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Emotion Placemats with Play Dough Recipe

Parenting intentionally is hard work. The act of raising self-focused children into loving adults takes a lot out of me somedays, even though it is my driving force.

My biggest wish for parenting is to raise kind humans; I strive to model compassion, to sow seeds of love, and to have healthy conversations about emotions. Teaching our children emotional health doesn’t just benefit them, it benefits the world. A healthy understanding of emotions helps us move through them thoughtfully and productively and allows us to be more sensitive to them in others.

This is why I love any tools that open the discussion. I know the true life lessons are not taught by one, big lecture and then never to be spoken of again. They are taught by open and consistent dialouge.

My children are four and two, so we spend a lot of time discussing the faces we make when sad or angry. The way our bodies give clues to our feelings. That way we can recognize them in ourselves or in others.

These play dough placemats are a tool we have used multiple times to encourage awareness.

I begin by drawing a faceless bust on a piece of paper and having the kids pick hair or shirt colors. After the drawing is complete, I laminate it (laminator available, here) and let them get to work making faces. It is a great opportunity to discuss different emotions and how we showcase them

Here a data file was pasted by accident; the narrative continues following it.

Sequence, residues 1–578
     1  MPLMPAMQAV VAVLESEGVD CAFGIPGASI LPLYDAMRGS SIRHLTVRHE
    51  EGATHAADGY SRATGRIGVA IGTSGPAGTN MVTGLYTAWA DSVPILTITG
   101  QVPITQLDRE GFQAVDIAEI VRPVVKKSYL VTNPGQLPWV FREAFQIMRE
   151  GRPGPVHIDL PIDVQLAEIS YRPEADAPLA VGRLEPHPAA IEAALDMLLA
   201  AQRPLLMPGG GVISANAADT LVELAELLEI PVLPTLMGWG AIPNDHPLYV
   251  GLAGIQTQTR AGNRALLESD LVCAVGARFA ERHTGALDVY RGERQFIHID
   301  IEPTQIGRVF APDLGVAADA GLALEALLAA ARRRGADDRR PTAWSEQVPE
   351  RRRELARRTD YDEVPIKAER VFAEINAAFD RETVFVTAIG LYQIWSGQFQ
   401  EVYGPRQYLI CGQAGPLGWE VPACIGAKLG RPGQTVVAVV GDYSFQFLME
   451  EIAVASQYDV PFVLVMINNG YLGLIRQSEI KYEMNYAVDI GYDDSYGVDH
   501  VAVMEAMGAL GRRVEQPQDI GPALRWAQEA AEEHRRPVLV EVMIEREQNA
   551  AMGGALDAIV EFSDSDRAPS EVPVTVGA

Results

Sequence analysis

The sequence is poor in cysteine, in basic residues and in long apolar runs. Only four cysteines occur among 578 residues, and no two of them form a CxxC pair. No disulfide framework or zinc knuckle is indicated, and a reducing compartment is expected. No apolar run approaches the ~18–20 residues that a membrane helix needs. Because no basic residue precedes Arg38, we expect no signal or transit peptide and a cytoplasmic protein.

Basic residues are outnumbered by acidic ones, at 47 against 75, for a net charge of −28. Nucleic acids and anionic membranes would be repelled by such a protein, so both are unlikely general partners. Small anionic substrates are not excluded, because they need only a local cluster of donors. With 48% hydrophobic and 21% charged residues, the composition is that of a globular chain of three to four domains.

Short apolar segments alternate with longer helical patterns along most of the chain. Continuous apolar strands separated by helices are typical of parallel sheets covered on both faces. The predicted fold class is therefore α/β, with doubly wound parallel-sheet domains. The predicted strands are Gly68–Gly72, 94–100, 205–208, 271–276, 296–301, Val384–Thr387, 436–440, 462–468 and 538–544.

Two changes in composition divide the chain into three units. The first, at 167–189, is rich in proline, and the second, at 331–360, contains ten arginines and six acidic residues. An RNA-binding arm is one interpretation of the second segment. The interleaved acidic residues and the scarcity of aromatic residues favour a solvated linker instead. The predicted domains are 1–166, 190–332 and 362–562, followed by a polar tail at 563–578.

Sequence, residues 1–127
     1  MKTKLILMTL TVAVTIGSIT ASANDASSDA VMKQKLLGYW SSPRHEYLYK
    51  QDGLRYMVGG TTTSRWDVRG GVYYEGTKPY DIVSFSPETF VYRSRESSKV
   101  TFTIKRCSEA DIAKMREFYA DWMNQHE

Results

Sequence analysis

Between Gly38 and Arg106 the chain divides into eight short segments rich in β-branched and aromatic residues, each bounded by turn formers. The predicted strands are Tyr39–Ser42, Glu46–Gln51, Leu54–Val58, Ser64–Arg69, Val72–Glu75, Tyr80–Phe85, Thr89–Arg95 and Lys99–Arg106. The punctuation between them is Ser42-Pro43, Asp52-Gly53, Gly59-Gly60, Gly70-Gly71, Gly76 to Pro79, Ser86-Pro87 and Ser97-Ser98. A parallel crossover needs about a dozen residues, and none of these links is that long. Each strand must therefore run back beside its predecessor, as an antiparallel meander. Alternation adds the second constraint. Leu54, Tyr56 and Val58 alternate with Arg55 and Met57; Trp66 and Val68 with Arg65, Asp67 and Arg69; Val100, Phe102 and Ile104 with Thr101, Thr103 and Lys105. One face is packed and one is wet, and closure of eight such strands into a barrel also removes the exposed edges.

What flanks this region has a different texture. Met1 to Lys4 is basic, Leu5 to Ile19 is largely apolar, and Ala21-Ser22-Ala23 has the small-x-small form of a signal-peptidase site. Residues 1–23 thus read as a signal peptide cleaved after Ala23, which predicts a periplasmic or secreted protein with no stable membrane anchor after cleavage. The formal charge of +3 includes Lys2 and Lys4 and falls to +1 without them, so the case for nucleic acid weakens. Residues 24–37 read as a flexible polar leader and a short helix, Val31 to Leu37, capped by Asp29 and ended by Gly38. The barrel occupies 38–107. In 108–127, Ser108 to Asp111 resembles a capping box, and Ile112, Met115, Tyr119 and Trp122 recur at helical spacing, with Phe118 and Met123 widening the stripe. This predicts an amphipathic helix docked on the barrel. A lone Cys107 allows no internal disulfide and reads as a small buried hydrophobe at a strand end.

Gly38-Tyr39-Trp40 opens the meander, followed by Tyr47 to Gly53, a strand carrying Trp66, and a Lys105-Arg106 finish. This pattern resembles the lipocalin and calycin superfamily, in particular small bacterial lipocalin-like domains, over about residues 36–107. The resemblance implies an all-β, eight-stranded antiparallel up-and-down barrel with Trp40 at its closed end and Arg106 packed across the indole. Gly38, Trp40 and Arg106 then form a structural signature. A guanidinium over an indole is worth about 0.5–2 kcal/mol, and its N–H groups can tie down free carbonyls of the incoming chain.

“How can you tell if someone is sad? What if they aren’t crying? Do their eyes look heavy?”

“What does it look like when you are afraid? Do your eyes get bigger? Do you open your mouth or clench it?”

“How about when you are happy? How does that feel? What helps get you back there?”

These activities pave the way for wonderful conversations and I have seen the value in my own motherhood. I have one child who feels really big and it can take control. The practice of recognizing emotions as they come, naming them, and teaching to move through them in control had helped so much. It isn’t about making the emotions themselves bad, it puts the focus on the related actions.

Be angry and do not sin. Do not let the sun go down on your anger.”

Ephesians 4:26

I’ve spent a lot of years letting the sun go down on my anger. This was not because I was going off in a blind rage at anyone who would listen. It was because I never wanted to admit I was angry and, therefore, I never processed it. It hung around my head and I never gave it a place to go. Teaching our children these things is not an excuse to fly off the handle, it is giving them relatability in experiences that they will have.

We all want to see the big, cheesy grins on our children but we have to move through other emotions too.

I hope you love these mats as much as I do and they bring hours of productive, conversations into your home.

If you are wanting to make your own play-doh, here is a family recipe:


– 2 Cups All-Purpose Flour

-2 Cups Water

-1/2 Cup Salt

– 2 Tablespoons Vegetable Oil

– 3 Tablespoons Cream of Tartar

-Food Coloring


Step One– Add all ingredients to a large pot, place on stove, and turn on the burner.

Step Two– cook on medium heat, stirring regularly as the play dough glops together to form a ball. It will look like you have ruined it a few times during this process, keep cooking anyway.

-whatever color you choose for the play dough will become darker as it cooks, keep stirring to rotate the play dough and cook all the way through. It is done when most of the playdough has darkened and it has formed a giant ball.

Step Three– Remove pot from heat, empty playdough on counter, and knead for 5 minutes to encourage even heat distribution.

Step Four– pass out to eager children and enjoy your time!


Published by faithlikefireweed

I am a wife and mother in the Great state of Alaska. I write about faith, food, and family, and finding extravagant grace in simple living.

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